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1

After searching around for similar situations, I fixed the issue by' Reordering the bands to RGBN (They were BGRN) with gdal translate Converting the images from Uint16 to Byte with gdal_translate Lastly, I warped them using gdalwarp using the -tr and -tap options. The solution at step 3 I found at: Holes between imagery tiles projected using gdalwarp


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You won't have any luck finding a satellite that provides data from the ultra violet (UV) portion of the electromagnetic spectrum. The reason is that the wavelength of UV energy is so short that most of it gets absorbed or scattered by the atmosphere, or tiny particles in the atmosphere before it even gets to the Earth (from the sun) let alone back up to any ...


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I don't think this is what I am asking for but I figured it out. You go to the Preferences at the File menu section and then go to the Data Manager and set "Clear View when Loading New Image" to false so you want to load the image at the same time is what I was looking for.


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You can do this as follows: Views in the menu and then Create New View. Load your images in different views.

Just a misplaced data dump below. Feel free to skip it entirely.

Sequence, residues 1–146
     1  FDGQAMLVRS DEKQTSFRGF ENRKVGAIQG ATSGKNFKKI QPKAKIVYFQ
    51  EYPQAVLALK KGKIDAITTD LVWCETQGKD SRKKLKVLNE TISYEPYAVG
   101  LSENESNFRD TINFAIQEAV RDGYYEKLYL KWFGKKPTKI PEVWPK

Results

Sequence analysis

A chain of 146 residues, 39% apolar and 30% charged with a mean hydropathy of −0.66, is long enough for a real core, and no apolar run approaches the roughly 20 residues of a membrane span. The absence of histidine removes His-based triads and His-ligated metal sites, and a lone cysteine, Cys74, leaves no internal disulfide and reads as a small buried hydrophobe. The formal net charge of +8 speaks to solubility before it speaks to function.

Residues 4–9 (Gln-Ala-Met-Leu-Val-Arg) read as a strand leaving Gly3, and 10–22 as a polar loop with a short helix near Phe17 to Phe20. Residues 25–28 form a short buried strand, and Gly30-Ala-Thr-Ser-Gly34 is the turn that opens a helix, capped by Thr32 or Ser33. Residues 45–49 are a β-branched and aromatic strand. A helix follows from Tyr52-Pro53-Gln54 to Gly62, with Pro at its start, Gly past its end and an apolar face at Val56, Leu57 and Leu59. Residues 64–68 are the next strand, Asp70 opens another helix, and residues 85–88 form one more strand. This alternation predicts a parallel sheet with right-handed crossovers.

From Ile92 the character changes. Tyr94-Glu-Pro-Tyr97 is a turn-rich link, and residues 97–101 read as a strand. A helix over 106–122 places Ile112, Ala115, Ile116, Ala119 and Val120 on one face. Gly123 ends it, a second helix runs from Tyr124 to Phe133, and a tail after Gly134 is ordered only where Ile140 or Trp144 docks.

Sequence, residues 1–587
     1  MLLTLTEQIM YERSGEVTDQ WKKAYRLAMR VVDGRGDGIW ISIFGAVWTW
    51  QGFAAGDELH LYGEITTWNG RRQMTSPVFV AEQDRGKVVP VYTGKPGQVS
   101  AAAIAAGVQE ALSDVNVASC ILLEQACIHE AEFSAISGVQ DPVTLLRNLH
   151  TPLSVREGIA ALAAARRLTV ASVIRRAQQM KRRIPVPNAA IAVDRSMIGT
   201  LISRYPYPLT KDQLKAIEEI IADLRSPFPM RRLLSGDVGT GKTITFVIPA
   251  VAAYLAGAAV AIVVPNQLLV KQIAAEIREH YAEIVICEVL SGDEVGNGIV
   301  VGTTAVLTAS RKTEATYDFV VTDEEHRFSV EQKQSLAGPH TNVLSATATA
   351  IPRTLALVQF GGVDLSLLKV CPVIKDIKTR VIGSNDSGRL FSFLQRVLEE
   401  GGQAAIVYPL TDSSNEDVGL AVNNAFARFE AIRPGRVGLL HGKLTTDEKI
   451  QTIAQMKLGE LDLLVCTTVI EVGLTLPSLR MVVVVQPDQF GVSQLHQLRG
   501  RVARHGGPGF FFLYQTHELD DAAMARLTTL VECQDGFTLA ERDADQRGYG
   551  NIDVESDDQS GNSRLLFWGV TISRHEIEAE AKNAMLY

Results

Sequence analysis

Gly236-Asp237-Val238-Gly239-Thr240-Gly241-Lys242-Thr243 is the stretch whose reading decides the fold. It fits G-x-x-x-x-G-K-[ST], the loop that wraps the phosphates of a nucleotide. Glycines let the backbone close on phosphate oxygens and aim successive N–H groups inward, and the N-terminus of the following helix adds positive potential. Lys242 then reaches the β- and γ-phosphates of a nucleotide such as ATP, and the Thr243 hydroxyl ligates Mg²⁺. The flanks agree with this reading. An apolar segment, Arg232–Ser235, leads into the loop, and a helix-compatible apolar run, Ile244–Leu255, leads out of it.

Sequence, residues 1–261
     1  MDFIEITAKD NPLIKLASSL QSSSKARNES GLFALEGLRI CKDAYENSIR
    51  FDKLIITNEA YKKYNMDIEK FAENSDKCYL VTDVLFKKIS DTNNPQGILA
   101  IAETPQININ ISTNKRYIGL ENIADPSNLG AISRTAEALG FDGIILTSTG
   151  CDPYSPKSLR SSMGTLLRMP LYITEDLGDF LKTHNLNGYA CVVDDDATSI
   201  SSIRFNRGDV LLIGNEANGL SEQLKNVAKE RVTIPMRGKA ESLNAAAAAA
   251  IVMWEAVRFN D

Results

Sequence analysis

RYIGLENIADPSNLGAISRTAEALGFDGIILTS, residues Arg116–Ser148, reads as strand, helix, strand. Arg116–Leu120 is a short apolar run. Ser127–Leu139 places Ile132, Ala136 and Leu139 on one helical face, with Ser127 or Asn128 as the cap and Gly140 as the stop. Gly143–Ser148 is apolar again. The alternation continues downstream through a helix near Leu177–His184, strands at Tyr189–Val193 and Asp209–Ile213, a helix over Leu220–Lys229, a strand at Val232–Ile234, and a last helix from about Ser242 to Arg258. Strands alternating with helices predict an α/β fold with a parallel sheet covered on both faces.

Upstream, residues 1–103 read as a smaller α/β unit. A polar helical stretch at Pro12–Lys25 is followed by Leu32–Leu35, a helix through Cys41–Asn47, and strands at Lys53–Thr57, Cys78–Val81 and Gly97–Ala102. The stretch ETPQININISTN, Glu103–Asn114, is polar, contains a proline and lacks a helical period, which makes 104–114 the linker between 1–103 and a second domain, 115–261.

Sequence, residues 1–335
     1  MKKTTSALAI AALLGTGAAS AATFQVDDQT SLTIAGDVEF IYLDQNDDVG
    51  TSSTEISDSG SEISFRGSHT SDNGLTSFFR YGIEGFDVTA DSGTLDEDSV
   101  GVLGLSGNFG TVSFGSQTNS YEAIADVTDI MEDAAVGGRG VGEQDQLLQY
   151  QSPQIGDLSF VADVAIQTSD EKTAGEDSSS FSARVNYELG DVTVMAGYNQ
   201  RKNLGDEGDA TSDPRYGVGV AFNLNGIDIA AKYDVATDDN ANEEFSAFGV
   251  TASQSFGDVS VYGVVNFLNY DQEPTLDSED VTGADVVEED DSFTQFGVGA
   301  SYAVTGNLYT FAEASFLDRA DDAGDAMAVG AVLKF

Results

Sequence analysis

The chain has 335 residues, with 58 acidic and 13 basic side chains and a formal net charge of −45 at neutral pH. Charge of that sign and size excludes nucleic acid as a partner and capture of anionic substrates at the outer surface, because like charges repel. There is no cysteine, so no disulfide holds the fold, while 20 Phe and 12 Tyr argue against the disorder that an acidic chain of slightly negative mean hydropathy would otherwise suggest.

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There is no specific GIS software for doing this: most will handle the RGB image and the Lidar data. Basically, NDVI is (NIR - RED)/(NIR + RED). Most of the time, aerial Lidar gives you the NIR value (to be checked in metadata) and the first band of your RGB image gives you the RED value. Just make sure that your data are calibrated to reflectance (or, if ...


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You cannot avoid changes to the online basemap layer because you do not have control over it. The imagery could be updated at any time - all of it, or a single tile. The imagery is loaded each time you connect, so no, it does not 'freeze' at the date you added it to your map. The only way you can ensure you will be using consistent or specifically dated ...



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